I have a bookshelf, the bookshelf lives in a small hallway in my home and on it reside a church mouse from York, several books, a large bowl shaped rock found years ago, photos and candles, and a feathered black crow. The crow is tippy, prone to falling on the floor, he is vacuumed in the several times weekly rotation, and he has a spot on the second shelf, next to a snowflake crocheted by my friend Kelly, and a stack of books on church architecture. The shelf came from the basement of my church when it was cleaned out, it has lovely carved edges and it sits in the hallway of a home built in 1901.
I love old things.
And I love the crow.
I’m not sure why. He’s a dollar store crow, a silly thing thrown in the cart on a trip around Halloween, a decoration who was never put away. I notice crows, I say the rhyme to myself, one for sorrow, two for joy….my crow guards my most treasured things.
My wedding veil hangs in my closet, in an unofficial and temporary spot, trying to avoid the sharp claws of a big barn cat who insists on sleeping on the top stair (yes, there are stairs to nowhere in my closet), who knocks things down and steps on them.
And a dear friend has announced his retirement, and I am left gasping, a fish out of water, suddenly feeling late to a party I was probably never invited to in the first place, one where I sort of showed up and was invited in, where I found myself at home, against all odds.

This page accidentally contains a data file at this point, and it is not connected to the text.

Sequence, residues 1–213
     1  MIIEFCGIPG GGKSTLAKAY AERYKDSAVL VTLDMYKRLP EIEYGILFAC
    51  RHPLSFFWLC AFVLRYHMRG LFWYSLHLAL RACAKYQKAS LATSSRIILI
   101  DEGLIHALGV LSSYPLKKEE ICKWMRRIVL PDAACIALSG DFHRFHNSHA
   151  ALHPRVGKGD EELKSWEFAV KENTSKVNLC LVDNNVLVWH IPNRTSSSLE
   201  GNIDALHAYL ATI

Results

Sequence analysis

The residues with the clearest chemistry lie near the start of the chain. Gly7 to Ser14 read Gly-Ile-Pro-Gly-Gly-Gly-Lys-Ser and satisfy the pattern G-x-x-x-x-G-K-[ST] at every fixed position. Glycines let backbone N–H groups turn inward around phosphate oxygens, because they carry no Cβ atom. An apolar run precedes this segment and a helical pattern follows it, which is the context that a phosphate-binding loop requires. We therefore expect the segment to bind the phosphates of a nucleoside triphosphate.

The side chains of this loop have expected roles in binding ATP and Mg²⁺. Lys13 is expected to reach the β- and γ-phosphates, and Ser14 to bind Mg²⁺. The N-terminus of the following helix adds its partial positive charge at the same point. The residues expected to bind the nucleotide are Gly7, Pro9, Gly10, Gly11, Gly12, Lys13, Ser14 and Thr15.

This friend and I sat on the bench of his new piano and he sang and we sang, and I admired the sheen and deep glow of finish, and last Sunday we honored him with a standing ovation with nary a dry eye in the room.
In the basement a swing and a bouncy seat wait, shrouded and sealed to keep out the damp. In the hall closet hangs my wedding gown, hem still dirty from the night I walked in bare feet down the aisle grasping the hand of my husband as my dear, retiring, friend played the organ and my brother smiled through his tears.
My heart is full of these things. Full of moments and crows and rhymes, hymns and hours and words.
As I’ve spent these years unpacking and repacking my drawer of things, sewing my patchwork cloak, not the robe I thought I would receive when I was confirmed, new and white and starched – but the comforting cloak, I realize that I am still not there. I still have not unpacked it all, still have not examined it all. Some things sit in the drawer and they wait for my bumbling inspection, to see if they will be put back or discarded.
My mom talks about writing time on her heart. And if I could write time on my heart I could not stop there, I would be covered in fine gold henna paint, every inch of my body, with words and symbols, music notes and Hebrew characters. I walk around with these shining things on my skin, irrefutable parts of who I am, the map of my journey toward home.
I come and I bring chaos and I bring a swirling mess of little girls and not little girls, of marriage and addiction, of old houses and all their problems, of dogs who forget where they live and whichever particular thing has pricked my heart on that day. I bring my apron and my small hands.
I know that this doesn’t make sense. I know that it seems to be written in code.